“..there is always soma, delicious soma, half a gramme for a half-holiday, a gramme for a week-end, two grammes for a trip to the gorgeous East, three for a dark eternity on the moon…”
Aldous Huxley, Brave New World (1932)
The controversy over Jim Allister’s SpAd Bill has thrown a different light upon a settlement that has brought us all certain indisputable benefits. Ironically, the post GFA institutions have had one of their first real fillips from the only resolutely anti Agreement unionist left in the chamber.
Such a bill could have emerged from any of the Executive parties. But as we’ve seen with the recently scrambled launch of the Towards a United Community strategy both parties in OFMdFM tend to expect their cabinet colleagues merely to fall in with their own overall plans rather than make an active contribution.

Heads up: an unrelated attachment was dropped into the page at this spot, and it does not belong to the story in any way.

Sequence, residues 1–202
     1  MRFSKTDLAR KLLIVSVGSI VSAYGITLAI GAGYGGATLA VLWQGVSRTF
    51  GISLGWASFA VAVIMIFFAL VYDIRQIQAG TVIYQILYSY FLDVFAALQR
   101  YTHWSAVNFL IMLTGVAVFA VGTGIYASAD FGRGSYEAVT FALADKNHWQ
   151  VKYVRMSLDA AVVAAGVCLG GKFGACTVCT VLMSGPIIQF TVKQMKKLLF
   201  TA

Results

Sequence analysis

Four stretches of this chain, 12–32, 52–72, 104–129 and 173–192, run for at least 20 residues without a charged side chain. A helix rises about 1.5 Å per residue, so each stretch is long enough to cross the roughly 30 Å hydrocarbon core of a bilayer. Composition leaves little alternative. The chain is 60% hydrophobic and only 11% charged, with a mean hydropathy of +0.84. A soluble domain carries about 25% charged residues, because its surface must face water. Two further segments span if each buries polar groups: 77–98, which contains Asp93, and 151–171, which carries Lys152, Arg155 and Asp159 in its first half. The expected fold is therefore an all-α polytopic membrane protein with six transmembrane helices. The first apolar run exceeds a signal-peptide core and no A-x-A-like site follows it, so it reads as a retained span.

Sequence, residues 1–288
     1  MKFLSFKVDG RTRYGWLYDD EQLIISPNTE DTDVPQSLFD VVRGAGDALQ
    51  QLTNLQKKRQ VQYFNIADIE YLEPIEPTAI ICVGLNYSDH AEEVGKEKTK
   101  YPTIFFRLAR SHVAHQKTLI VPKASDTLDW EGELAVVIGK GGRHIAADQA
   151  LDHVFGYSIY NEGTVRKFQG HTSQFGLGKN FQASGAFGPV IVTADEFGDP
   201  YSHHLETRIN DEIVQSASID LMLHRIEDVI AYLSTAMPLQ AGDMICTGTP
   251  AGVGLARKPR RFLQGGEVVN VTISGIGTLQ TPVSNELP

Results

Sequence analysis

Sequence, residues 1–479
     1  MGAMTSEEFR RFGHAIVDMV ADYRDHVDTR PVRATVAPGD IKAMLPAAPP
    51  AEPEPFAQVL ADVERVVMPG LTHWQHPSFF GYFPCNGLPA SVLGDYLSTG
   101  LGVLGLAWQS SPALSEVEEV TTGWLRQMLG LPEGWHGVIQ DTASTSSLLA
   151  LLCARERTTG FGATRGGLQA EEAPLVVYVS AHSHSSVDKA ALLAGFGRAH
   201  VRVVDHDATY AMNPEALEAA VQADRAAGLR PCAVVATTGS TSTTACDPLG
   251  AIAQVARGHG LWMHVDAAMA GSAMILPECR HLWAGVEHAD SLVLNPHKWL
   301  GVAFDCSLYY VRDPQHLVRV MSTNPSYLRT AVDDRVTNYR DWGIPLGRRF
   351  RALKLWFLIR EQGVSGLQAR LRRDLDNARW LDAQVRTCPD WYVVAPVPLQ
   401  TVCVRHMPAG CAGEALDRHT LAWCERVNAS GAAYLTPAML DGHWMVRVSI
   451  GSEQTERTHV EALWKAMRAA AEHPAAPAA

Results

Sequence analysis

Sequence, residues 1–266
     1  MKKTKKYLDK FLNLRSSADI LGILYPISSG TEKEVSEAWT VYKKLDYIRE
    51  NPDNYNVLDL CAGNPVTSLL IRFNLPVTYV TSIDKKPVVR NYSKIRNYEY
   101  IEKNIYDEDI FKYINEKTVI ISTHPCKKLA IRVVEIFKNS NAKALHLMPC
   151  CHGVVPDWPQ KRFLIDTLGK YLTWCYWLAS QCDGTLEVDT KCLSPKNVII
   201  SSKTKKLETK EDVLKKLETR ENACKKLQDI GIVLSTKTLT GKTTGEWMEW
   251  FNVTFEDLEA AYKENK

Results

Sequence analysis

Mr Allister has enhanced his reputation with his own base for putting it up to SF. He has done himself no harm in liberal land either for underwriting a set of post conflict values and in doing so passing a double test of political base approval along with wider cross community authority.
That’s no mean achievement for one MLA and a tiny hard working back room staff. Nor for a man we were once told was a pure oppositionist from whom no good would ever emerge.
Some larger parties (with far more resources) should take note of Mr Allister’s focus, work rate and capacity to choose the right fight.
Allister’s importance does not lie in his unionist credentials. You can fall towards or away from those longer term objectives and still understand the importance of what he has achieved here.
It lies in his muscular reminder that democracy thrives on challenge, not meek deference to the inevitable procession of history.
People in Northern Ireland need more politicians like Jim Allister: trouble makers in the right place, ie in Stormont rather than on the streets.
One man on the fringes of one community doing the right thing is not enough. But he’s proven that at the right time and over the right issue, it can be done. And it is, at least, a start.
Mick is founding editor of Slugger. He has written papers on the impacts of the Internet on politics and the wider media and is a regular guest and speaking events across Ireland, the UK and Europe. Twitter: @MickFealty